Sunday, 9 September 2018

Book Review: The Cartography of Others

The Cartography of Others
by Catherine McNamara
Published by Unbound
Available in paperback and ebook

Catherine McNamara's latest short story collection, The Cartography of Others, not only has a lovely cover but the twenty stories contained inside are an exploration of displacement and estrangement.

Across the stories, we see characters who are on the verge of turning point in their lives. A woman waits in a hotel room for her married love to turn up, absorbing his excuses each time he calls, letting his flakiness knock her confidence. A son is trekking across a hill thinking about this mother's last few moments before she died. A soprano, on a boat, searching for her voice.

All these characters are looking for meaning, searching their past, hoping to find a sigh that will lead them towards their future. Catherine gives glimpses into their inner lives letting the reader see a character, who on the outside appears to be confident, has a great life but are crumbling inside, full of fear of the future.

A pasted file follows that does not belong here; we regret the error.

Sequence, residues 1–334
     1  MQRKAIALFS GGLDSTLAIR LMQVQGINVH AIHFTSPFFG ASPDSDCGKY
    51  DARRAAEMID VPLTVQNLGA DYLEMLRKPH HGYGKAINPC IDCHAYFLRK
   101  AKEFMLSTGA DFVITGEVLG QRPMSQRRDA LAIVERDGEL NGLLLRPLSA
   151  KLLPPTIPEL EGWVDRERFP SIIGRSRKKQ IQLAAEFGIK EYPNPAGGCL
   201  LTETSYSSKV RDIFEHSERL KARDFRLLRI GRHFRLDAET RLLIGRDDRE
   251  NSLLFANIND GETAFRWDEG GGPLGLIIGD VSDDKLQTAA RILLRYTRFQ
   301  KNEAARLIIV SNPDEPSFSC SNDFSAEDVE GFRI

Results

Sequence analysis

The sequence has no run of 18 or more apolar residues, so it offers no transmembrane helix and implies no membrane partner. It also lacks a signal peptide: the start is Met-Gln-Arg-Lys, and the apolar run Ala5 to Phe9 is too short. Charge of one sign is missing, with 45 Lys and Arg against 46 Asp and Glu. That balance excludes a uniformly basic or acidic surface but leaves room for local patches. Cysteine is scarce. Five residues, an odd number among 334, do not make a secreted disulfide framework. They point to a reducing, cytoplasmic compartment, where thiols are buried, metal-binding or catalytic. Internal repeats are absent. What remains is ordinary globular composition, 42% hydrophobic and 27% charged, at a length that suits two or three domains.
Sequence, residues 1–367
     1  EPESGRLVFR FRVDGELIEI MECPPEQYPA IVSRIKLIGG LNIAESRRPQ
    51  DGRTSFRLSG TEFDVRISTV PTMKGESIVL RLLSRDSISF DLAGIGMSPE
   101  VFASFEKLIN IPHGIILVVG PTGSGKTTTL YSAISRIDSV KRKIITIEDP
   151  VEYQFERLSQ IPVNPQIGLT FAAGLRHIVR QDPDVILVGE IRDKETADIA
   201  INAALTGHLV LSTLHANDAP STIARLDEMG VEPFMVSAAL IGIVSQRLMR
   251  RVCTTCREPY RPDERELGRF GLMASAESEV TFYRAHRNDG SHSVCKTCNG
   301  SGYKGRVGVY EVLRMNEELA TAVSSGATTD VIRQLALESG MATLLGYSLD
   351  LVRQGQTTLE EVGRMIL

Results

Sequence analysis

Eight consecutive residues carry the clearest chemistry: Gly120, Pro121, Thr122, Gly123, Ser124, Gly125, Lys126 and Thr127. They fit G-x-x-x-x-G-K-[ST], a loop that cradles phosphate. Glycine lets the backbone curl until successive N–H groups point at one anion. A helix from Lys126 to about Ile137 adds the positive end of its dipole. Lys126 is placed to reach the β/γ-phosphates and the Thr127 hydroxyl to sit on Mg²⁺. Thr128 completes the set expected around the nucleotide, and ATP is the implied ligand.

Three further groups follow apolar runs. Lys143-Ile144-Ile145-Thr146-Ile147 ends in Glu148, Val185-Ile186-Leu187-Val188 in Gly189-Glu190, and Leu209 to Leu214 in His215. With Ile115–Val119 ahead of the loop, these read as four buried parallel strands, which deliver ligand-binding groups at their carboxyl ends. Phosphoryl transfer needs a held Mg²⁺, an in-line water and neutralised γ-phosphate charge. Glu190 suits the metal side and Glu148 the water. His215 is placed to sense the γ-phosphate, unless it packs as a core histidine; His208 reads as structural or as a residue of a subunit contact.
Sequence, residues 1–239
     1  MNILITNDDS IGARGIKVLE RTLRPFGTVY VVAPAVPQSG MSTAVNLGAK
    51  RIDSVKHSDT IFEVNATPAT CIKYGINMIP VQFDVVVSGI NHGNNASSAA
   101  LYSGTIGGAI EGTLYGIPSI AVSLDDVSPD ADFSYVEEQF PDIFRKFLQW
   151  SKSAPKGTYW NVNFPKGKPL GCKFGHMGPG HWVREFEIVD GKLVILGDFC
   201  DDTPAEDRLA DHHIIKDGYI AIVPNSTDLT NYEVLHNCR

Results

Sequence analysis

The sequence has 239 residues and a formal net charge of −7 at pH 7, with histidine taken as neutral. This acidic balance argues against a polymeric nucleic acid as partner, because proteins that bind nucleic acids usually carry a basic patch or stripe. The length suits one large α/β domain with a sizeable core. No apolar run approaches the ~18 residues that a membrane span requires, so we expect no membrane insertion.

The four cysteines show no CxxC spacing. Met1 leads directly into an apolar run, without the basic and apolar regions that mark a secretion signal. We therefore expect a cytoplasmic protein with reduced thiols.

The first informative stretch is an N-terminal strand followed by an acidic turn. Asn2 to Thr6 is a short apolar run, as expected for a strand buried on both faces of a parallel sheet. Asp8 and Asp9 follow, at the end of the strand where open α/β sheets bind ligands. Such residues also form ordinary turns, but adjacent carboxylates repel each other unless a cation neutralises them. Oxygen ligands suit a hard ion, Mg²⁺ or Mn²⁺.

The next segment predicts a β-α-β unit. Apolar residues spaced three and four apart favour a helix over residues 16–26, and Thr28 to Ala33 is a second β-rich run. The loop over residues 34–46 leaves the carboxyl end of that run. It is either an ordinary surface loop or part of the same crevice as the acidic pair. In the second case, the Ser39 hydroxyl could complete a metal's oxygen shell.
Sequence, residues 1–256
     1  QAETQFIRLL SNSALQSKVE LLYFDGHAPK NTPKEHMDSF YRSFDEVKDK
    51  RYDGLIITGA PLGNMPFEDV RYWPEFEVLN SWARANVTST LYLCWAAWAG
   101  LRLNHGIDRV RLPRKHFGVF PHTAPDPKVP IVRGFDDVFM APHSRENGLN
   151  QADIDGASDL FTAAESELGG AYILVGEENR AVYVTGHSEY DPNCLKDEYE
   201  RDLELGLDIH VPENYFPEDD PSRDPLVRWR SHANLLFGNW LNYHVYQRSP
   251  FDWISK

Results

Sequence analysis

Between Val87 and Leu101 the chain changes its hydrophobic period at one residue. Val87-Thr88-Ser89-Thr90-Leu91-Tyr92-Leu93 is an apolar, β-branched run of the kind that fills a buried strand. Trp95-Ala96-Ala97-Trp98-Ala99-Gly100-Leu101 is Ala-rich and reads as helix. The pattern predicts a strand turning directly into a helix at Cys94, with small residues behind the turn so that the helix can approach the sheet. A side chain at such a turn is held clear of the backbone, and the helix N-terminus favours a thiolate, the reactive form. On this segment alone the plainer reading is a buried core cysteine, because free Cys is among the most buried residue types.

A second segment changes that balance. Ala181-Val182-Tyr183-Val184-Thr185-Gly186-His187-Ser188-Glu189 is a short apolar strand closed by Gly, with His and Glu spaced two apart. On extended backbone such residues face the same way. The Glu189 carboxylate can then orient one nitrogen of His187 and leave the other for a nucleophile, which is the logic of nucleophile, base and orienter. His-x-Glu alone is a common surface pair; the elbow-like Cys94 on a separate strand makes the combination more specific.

Full of glamorous locations, vivid in detail, stretching from Sydney's suburbs, Accra, Paris across to Mali. Catherine takes the reader on a tour around the world, giving such precise details that the reader feels like they are actually there with the character, pulling the reader into the snapshot of these characters' lives.

The Cartography of Others delves confidently into the complexities of modern life, delve into people's concerns and fears of change. You can buy The Cartography of Others from your favourite bookshop.

I was sent a copy via the author.

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